Alcohol and Other Drug Addiction (AODA) Certification program
A program for learning in the assessment, treatment, and prevention of Alcohol and Other Drug Abuse.
The Psychology department offers a program designed to foster the development of Psychology professionals knowledgeable and proficient in the field of chemical addiction. This training is integrated into Alverno's liberal arts major in Psychology.
BENEFITS FOR STUDENTS
For students who wish to be credentialed as a Substance Abuse Counselor: Alverno was the first four-year college fully accredited to provide all the required academic and training hours needed to obtain a paid post-graduate internship, and subsequent certification by the Wisconsin Department of Regulation and Licensing as a Substance Abuse Counselor or a Clinical Substance Abuse Counselor.
For students who do not wish to be certified, but who will be seeking employment in the human services field following graduation: Because addiction is so prevalent among the populations these field professionals serve (e.g., families involved with child protective services, adolescent populations, corrections populations, the homeless, the disabled, the elderly, and the mentally ill), there are strong advantages for the applicant who has expertise and training in identifying substance abuse and effectively helping with this pervasive problem.
For students who plan on graduate school after graduation: Among master and doctoral level professionals, knowledge and expertise in the addictions field has become highly valued. In fact, the American Psychological Association now offers a certificate training program in addictions for psychologists who wish to further their expertise. With the high involvement of substance abuse issues among clinical populations and their families, proficiency in this area is a distinct advantage.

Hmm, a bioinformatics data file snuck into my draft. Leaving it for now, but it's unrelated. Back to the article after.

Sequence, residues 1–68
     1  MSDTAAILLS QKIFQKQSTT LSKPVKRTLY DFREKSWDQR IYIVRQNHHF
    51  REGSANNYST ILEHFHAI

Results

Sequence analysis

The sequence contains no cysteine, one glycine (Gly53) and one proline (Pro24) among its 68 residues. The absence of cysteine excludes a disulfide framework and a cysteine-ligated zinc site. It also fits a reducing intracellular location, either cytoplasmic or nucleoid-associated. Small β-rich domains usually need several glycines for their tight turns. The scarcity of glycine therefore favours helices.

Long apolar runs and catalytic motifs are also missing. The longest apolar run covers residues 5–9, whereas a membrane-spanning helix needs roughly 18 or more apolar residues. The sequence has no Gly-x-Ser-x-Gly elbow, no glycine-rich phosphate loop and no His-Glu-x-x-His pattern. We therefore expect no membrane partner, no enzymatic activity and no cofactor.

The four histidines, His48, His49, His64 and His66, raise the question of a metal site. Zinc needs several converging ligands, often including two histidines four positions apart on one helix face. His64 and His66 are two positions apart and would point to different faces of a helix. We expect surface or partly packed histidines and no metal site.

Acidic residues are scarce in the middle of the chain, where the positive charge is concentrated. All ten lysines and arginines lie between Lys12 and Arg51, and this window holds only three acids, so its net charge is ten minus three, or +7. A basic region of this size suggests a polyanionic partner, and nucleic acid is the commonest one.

Because this is a psychology degree, students take the same curriculum that other psychology majors take. Where there are elective options for the standard psychology major, those specializing in addiction take the AODA (Alcohol and Other Drug Abuse) seminar, the case management course, and the assessment course. These are cornerstone courses for developing expertise in the substance abuse area.
In addition, the internships are taken “back-to-back,” that is, in two consecutive semesters. The consecutive semesters of internship can be either summer/fall, or fall/spring. This gives students opportunities to delve into their same-site internship on a considerably more intensive level. These internships are at recognized substance abuse treatment facilities. Interns are generally assigned actual individual counseling cases, as well as groups to conduct. Students are supervised at these sites by an Independent Clinical Supervisor (ICS) certified by the Wisconsin Department of Regulation and Licensing. Some students may wish to acquire the academic expertise, but may not necessarily wish to pursue the internship training. This might be the case for some who are not pursuing the Substance Abuse Counselor certification. Students who opt to follow this route can be placed at internship sites that are open to any psychology major.
By the time the student is in the second semester of her PDC internship, she will have applied for the Substance Abuse Counselor -In Training certificate and taken the Wisconsin Substance Abuse Counselor Ethics and Jurisprudence Exam (see http://drl.wi.gov). Upon completion of her second internship and her graduation from the Psychology/Drug Counselor (PDC) major, she will have accumulated 1,300 hours toward the 4,000 hours required for the Substance Abuse Counselor credential, and she will have completed all of the education requirements (though not all of the clinical practice hours) that are needed for either the Substance Abuse Counselor, the Clinical Substance Abuse Counselor, or the Clinical Supervisor-In Training.
courses of study